Is hell real? What does the bible say about hell? What did Jesus say about hell? Is Lucifer in charge of hades?
Hell is something we do not really like to talk about. It is not a pleasant study at all, but it is very real. Jesus talked about it and we should not ignore its reality. Salvation in contrast to Hell will certainly deepen your appreciation of Grace. It should also make you more concerned for the un-saved.
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The Doctrine of Hell
Overview of content in this section is as follows:
DOCTRINE OF HELL
I do not feel right about starting off this subject without first explaining a little about the nature of God. The Bible tells us that God is love (1John .4:8). In fact He loves us so much He made the ultimate sacrifice for us by spilling His own blood on our behalf (John 3:16, Acts 20:28).God is also a God of justice and His very nature demands judgment upon all sin (Romans 6:23).We are also told that without the shedding of blood there is no forgiveness of sin (Hebrews 9:22).That's how serious sin is! But because the Lord Himself paid for our sins, all we have to do is accept Him and His payment as a free gift (John 3:16, Ephesians 2:8-9).He will indeed judge the world. It is also true that people will condemn themselves to hell by rejecting Christ as Lord and Savior and ignoring God's plan of salvation.
It is important to recognize that to demand justice is part of God's nature; however, He does not take pleasure in it. Ezekiel 33:11 reads, "Say to them, 'As I live!' declares the Lord GOD, 'I take no pleasure in the death of the wicked, but rather that the wicked turn from his way and live. Turn back, turn back from your evil ways! Why then will you die, O house of Israel?” This is one of my favorite verses that shows the heart of God. Twice He pleads with them to turn back, turn back from evil ways. The Lord asks them why they would choose to die. You see by His nature that God must judge sin. Yet we also see that He would rather forgive — but He can't unless people repent, because He is a God of justice.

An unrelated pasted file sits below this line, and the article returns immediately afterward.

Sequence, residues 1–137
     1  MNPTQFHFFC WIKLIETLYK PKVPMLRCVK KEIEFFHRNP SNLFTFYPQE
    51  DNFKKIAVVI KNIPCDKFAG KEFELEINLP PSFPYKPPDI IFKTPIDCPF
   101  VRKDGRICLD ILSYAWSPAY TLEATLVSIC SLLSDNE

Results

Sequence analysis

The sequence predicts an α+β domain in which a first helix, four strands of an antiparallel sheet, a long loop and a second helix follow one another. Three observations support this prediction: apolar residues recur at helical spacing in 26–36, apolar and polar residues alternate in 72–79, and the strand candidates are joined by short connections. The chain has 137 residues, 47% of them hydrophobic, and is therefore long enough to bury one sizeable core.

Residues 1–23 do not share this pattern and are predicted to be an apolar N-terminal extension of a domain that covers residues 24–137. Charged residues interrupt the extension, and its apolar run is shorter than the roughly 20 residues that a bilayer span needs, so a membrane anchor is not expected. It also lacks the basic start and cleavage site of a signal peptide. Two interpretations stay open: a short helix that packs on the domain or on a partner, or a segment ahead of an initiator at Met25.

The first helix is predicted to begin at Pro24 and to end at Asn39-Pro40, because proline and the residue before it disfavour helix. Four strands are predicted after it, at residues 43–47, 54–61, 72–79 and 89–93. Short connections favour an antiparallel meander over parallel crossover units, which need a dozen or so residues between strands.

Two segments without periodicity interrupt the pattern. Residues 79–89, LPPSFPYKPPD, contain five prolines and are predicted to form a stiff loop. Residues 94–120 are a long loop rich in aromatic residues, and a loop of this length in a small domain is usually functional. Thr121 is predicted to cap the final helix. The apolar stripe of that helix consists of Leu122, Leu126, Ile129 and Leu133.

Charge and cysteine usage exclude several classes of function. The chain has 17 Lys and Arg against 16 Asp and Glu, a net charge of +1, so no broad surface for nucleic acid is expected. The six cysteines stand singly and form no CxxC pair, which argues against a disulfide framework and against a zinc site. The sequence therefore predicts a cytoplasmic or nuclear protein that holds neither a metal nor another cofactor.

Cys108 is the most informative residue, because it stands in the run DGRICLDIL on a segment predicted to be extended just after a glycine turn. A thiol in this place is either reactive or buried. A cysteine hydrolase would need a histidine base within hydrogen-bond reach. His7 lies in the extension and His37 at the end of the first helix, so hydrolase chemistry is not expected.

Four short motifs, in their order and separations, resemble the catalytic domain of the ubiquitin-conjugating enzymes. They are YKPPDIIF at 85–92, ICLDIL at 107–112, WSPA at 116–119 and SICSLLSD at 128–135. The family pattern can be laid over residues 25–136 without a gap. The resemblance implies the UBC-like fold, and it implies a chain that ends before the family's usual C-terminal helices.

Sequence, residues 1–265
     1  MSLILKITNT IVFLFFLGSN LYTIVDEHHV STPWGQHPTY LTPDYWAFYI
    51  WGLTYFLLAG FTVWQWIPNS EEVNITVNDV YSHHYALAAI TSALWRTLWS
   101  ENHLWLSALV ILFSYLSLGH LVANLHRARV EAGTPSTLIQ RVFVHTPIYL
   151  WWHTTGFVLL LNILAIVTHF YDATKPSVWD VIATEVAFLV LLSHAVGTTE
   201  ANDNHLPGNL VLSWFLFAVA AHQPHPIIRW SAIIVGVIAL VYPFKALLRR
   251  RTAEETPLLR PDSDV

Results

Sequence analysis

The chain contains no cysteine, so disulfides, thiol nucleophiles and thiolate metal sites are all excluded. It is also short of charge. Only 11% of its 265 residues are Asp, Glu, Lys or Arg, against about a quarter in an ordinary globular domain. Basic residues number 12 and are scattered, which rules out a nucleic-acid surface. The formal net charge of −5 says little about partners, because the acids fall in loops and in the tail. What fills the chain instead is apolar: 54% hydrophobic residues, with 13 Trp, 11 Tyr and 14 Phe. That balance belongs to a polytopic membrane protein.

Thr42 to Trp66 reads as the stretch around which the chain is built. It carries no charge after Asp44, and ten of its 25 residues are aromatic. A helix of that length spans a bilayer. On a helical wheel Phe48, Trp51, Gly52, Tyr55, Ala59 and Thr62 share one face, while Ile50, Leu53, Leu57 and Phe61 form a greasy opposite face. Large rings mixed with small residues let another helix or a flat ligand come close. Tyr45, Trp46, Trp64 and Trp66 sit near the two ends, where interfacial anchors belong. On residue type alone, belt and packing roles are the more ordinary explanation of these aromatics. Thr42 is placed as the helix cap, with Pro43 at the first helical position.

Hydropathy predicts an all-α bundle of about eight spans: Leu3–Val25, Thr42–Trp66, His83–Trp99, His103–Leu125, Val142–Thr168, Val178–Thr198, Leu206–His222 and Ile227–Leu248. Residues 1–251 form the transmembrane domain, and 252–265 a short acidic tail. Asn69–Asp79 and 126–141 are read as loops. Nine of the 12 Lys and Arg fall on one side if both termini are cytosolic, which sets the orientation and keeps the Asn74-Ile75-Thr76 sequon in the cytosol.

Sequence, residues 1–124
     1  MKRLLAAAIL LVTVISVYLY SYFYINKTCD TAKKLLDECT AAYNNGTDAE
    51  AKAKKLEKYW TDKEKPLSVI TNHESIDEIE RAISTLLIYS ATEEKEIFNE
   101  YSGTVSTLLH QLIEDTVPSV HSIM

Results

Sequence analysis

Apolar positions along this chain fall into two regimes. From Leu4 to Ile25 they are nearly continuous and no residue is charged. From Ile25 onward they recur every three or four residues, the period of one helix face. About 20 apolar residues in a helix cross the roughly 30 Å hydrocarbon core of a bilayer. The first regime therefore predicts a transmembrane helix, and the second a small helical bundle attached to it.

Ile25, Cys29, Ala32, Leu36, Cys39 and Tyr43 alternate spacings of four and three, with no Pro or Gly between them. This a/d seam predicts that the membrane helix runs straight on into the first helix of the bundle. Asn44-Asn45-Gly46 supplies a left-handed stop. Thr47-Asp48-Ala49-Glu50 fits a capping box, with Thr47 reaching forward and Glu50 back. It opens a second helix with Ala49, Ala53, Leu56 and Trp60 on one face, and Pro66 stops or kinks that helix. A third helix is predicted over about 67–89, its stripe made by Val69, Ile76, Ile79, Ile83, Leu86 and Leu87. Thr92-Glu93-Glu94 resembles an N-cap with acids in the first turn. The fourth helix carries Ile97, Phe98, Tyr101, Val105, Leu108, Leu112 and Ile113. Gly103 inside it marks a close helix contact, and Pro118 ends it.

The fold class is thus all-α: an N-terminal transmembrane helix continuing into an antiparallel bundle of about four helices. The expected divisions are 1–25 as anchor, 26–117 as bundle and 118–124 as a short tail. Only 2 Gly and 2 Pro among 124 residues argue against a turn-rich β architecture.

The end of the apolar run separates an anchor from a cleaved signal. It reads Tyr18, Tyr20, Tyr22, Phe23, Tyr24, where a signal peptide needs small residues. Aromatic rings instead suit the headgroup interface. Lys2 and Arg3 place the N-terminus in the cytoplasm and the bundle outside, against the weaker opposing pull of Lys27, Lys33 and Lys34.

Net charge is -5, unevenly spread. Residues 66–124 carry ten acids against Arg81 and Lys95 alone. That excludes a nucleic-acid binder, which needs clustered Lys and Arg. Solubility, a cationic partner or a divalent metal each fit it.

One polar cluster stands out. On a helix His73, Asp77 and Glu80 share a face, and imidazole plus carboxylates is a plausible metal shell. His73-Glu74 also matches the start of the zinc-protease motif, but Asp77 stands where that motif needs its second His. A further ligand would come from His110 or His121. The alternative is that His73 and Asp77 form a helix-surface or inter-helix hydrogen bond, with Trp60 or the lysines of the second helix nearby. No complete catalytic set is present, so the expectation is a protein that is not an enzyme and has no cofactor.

We are all sinners, and those who do not accept His payment for their sins will receive His wrath. As we will see, Hell is a very real and unpleasant place. Hell was made for the devil and his angels (Matthew 25:41). We can avoid it by turning to Jesus.
There are three Greek words referring to the abode of the unrighteous in the New Testament. These three Greek words are translated in English as “Hell” in the King James Version of the Bible. The word “Hell” is also defined as three different places (all underline, bold, and italic emphasis in this chapter mine):
1) There is the present Hell as we see in Luke 16:23 (KJV): "And in hell he lifts up his eyes, being in torments, and seeth Abraham afar off, and Lazarus in his bosom.”
Revelation 20:14 (KJV) reads, "And death and hell were cast into the lake of fire. This is the second death." Both of these verses use the Greek word number 86 in the Strong's Greek/Hebrew Dictionary: “halides (hah'-dace); from 1 (as negative particle) and 1492; properly, unseen, i.e. ‘Hades’ or the place(state) of departed souls: KJV-- grave, hell.”Notice that in the book of Luke, Jesus referred to hell as a place where the unrighteous went. We find in the book of Revelation, that this same hell is cast into the lake of fire in the final Judgment.
2) There is the future Hell. Jesus refers to this future Hell in the following passage from Mark 9:43-44: "And if your hand causes you to stumble, cut it off; it is better for you to enter life crippled, than having your two hands, to go into hell, into the unquenchable fire, [where their worm does not die, and the fire is not quenched.]”
This future Hell Jesus spoke of in Mark 9:43-44 is the lake of fire. Here He describes this Hell as unquenchable fire. Strong’s Greek/Hebrew Dictionary lists the “Hell” written of in Mark 9:43 as word #1067 — “geena (gheh'-en-nah); of Hebrew origin [1516 and 2011]; valley of (the son of) Hinnom; ge-henna (or Ge-Hinnom), a valley of Jerusalem, used (figuratively) as a name for the place (or state) of everlasting punishment: KJV-- hell.”
Nelson's Illustrated Bible Dictionary has the following to say regarding Gehenna: “...Gehenna, the Greek form of the Hebrew word that means ‘the vale of Hinnom’— a valley just south of Jerusalem. In this valley the Canaanites worshiped Baal and the fire-god Molech by sacrificing their children in a fire that burned continuously. Even Ahaz and Manasseh, kings of Judah, were guilty of this terrible, idolatrous practice <2 Chr. 28:3; 33:6>....In the time of Jesus, the Valley of Hinnom was used as the garbage dump of Jerusalem. Into it were thrown all the filth and garbage of the city, including the dead bodies of animals and executed criminals. To consume all this, fires burned constantly. Maggots worked in the filth. When the wind blew from that direction over the city, its awfulness was quite evident. At night wild dogs howled and gnashed their teeth as they fought over the garbage.
“Jesus used this awful scene as a symbol of hell. In effect he said, ’Do you want to know what hell is like? Look at the valley of Gehenna.’ So hell may be described as God’s ‘cosmic garbage dump’. All that is unfit for heaven will be thrown into hell.